Trigeminal Neuralgia (TN) is described as one of the most severe pains known to man. It is a disorder of the trigeminal nerve that produces sudden, excruciating bouts of facial pain. This pain typically strikes where the nerve branches to the nose, lips, eyes, ears, scalp, forehead, upper and lower jaw, and even the tongue. TN most often affects only one side of the face, and, over time, the pain usually increases in severity and frequency. In some patients, the pain is so severe that sudden attacks can bring the patient to their knees. It is a debilitating condition that is disruptive to every aspect of one’s life.

Research shows that TN is caused by irritation or damage to the trigeminal nerve and the central trigeminal system in the upper spinal cord and brain stem. Medical reports also suggest that trauma to the head, neck, and upper back can injure the nerve pathways in the spinal cord and brain stem and cause TN. The facial pain can begin immediately after the injury, or in some cases, takes months or years to develop.

Some of the symptoms that can be found in a patient suffering from Trigeminal Neuralgia are:

  • Extreme episodes of shooting and jabbing pain similar to electric shocks
  • Spasms of pain which can last from seconds to minutes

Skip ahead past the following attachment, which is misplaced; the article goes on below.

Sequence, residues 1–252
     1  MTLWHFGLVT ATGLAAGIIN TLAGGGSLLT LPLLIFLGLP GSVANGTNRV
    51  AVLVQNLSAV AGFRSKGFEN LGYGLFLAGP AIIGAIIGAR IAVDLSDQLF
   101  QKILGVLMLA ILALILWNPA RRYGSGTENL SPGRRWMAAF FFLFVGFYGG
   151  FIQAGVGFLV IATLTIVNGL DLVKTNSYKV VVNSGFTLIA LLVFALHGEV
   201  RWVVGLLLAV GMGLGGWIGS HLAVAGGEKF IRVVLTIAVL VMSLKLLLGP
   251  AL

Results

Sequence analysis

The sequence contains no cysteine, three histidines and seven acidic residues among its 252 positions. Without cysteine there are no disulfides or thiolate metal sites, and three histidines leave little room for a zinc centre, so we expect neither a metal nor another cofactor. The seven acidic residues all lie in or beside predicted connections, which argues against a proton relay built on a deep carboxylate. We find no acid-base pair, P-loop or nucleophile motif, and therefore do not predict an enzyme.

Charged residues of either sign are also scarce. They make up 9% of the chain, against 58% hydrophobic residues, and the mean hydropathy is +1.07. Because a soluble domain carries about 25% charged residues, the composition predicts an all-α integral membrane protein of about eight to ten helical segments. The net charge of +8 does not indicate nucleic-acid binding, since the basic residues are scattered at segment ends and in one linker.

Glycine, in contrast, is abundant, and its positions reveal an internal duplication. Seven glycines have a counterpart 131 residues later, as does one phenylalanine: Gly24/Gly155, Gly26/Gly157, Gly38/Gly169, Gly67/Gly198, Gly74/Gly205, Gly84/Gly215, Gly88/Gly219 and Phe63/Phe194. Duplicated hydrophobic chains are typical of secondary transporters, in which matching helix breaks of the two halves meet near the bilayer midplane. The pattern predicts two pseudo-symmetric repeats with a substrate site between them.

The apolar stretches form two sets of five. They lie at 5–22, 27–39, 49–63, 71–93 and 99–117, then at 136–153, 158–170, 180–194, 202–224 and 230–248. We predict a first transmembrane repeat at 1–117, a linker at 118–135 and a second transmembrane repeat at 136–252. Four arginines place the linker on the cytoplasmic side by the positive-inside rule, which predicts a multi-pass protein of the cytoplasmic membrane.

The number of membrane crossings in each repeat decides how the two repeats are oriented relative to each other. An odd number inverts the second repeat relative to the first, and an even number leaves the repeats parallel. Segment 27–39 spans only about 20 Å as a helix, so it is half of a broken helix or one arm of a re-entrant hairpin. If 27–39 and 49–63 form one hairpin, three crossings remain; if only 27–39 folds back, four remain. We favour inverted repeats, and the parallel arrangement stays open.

• Random spasms of mild pain
  • Pain in the areas where trigeminal nerve and its branches can reach such as gum, teeth, jaw forehead
  • Sudden episodes of pain which can be activated by chewing, talking or touching the face
  • Pain on one side or both sides of the face
  • Episodes of pain that occur frequently and intensely
  • Pains can be focused on one spot or spread in a wider pattern
  • Numbness in the face before the pain starts

Chiropractic can help trigeminal neuralgia symptoms by correcting the misalignments of the spine caused by trauma, and removing compression of the brain stem and surrounding nerves. After nerve irritation has been removed, proper communication is restored between the brain and spinal cord, and the surrounding nerves.

Treatment may include;

  • Manual therapy consisting of soft-tissue therapy
  • Joint mobilisation/manipulation to the cervical spine
  • Joint mobilisation/manipulation of the TMJ region
  • Cervical spine lateral flexion exercises at home
  • Joint mobilisation/manipulation to the thoracic spine